It isn’t even a good Ralph-ism.  He just tells us what we’re seeing, and it goes on so long that he uses more than twice as many words as “Super Nintendo Chalmers”, “I bent my wookie”, and “Me fail English?  That’s unpossible” all put together.  Even if you don’t care about him materializing and not having anything to do with what was happening, that’s just awful.

The final evidence that story coherence and relatable characters don’t even enter into the thinking at Zombie Simpsons comes one scene later, when we see Chief Wiggum for the first and only time.  The whole second half of the episode is about Lisa and Bart getting into trouble unsupervised and Homer and Marge’s panicked search to find them.  Ralph Wiggum is doing the exact same thing as Bart and Lisa, but all we see Chief Wiggum do is interview Gil (for some reason).

Wiggum doesn’t know that his kid is roaming the streets, and the episode seems to have forgotten it completely as well.  There isn’t even a blithe, expository explanation because, as far as Zombie Simpsons is concerned, the Chief and Ralph are just one scene props.

There isn’t even any connection to the fact that this is a flashback.  Like most of the people, places and events we see in “The Kids Are All Fight”, both of them could just as easily be doing and saying the exact same things in the show’s regular timeframe.  When The Simpsons went to the past, it went with a purpose and made fun of everything it saw.  When Zombie Simpsons goes to the past, it trips backwards, stares blankly for a bit, and then continues stumbling around like always.

30
Apr
15

Quote of the Day

'Round Springfield15

“Look, if you ignore me and I die, you’ll get in a lot of trouble.” – Bart Simpson
“Read page six of the school charter.” – Mrs. Krabappel
“No teacher shall be held accountable if Bart Simpson dies.” – Bart Simpson
“We’re also absolved if Milhouse gets eaten by the school snake.” – Mrs. Krabappel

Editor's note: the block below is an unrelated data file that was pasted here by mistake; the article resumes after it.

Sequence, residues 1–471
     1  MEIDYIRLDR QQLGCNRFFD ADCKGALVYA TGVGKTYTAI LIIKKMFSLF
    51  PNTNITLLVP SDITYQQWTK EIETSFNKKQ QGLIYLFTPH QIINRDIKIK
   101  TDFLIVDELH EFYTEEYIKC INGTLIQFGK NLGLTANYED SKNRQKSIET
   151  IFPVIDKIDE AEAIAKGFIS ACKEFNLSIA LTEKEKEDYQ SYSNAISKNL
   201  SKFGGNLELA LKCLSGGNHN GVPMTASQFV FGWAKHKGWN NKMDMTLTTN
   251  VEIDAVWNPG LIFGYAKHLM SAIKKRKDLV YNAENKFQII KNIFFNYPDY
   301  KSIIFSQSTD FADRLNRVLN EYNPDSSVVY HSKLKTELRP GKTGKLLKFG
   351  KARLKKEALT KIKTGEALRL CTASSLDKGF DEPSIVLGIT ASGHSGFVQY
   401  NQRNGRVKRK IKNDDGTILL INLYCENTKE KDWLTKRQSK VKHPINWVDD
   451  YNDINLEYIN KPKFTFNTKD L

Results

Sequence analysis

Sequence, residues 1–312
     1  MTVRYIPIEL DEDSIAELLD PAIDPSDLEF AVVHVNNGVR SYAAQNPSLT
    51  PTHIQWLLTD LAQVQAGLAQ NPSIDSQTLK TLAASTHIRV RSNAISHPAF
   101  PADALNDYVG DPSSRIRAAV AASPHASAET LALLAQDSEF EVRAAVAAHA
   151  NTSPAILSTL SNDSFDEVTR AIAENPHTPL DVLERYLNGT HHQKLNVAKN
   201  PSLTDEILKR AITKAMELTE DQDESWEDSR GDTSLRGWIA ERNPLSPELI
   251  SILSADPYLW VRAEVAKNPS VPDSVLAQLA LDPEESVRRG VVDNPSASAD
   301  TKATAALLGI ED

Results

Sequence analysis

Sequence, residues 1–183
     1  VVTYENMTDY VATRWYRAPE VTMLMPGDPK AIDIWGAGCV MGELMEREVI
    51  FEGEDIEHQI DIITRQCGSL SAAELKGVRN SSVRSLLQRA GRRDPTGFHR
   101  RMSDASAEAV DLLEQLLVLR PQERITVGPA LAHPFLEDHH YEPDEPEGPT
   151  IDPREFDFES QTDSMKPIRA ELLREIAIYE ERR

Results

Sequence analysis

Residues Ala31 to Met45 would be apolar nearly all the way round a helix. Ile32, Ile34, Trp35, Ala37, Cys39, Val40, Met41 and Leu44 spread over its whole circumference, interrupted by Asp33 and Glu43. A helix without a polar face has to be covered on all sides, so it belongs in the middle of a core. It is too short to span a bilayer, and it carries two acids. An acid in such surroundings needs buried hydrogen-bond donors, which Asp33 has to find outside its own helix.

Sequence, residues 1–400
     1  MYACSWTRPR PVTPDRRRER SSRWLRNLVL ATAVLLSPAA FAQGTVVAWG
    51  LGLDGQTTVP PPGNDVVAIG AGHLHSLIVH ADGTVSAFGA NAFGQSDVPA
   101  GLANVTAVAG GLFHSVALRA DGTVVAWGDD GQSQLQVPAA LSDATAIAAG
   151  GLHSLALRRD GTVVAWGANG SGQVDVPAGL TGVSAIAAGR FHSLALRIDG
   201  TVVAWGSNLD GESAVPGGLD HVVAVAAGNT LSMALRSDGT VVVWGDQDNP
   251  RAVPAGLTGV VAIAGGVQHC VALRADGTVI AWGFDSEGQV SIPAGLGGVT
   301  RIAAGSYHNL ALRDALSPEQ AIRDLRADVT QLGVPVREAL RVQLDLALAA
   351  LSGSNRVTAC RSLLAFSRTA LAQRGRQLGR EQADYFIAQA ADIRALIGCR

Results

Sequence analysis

“Hey, cool, there’s a rabbit in here!” – Milhouse van Houten

Happy 20th Anniversary to “‘Round Springfield”!  Original airdate 30 April 1995.

29
Apr
15

Quote of the Day

Krusty Gets Busted6

“You can emerge now from my chips.  The opportunity to prove yourself a hero is long gone.” – Apu Nahasapeemapetilon

28
Apr
15

Behind Us Forever: The Kids Are All Fight

And Maggie Makes Three15

“It all began about two years ago before Maggie was even born.  Bart, you were Lisa’s age, and Lisa, you were the age Bart was several years ago.” – Homer Simpson

As it has doddered along these last few years, Zombie Simpsons has started to turn to flash forward episodes a bit more often where Bart and Lisa are adults with kids of their own.  For “The Kids Are All Fight”, they went the other way, going backwards to some indeterminate time a few years ago when Bart was four and Lisa was two.  The story, which was even more incoherent than usual, involved little Bart and Lisa escaping the house and going on a wacky adventure that consisted of a series of disconnected scenes.

– And we are off to a poor start with Moe telling us out loud that he doesn’t know how to work his cash register.

– Homer found an old roll of film in his jacket, and then Carl appeared out of nowhere to tell Homer that he can’t get film developed anymore.

– It’s okay, now they’re developing it in the bar, which leads to the whole family being at Moe’s, where the expository dialogue flows like water.

– After a brief montage showing old pictures of Bart and Lisa fighting, we get one of those adorable in-episode retcons so Marge can scold Homer for not stepping in while he took the photos.

– As an example of why this show can’t write a decent joke anymore, I present their attempt to make fun of the Planet of The Apes movies, in its bloated entirety:

Marge:  Well, it’s quite a story, a story of a special bond between a brother and a sister.
Bart:  I’d say our story’s a tragedy, like the Planet of the Apes.  The tragedy being they can never stop making them!
Marge:  Hey, come on, the first and eighth movies were pretty darn good.

It has nothing to do with what’s going on, involves Bart speaking two sentences, one of which is an explanation of the other, and then Marge finally getting to a punchline that is itself buried in the middle of another overly long sentence.  Whether or not you think that’s funny is up to you, but that mass of words never would’ve made it past the first draft of an actual Simpsons script.

– Flashback Bart and Lisa are now clubbing each other with books while Marge looks on helplessly.

– Oops, we’re back at Moe’s in the present now, where the family describes a time they went to Kwik-E-Mart.  Mmm, tell don’t show.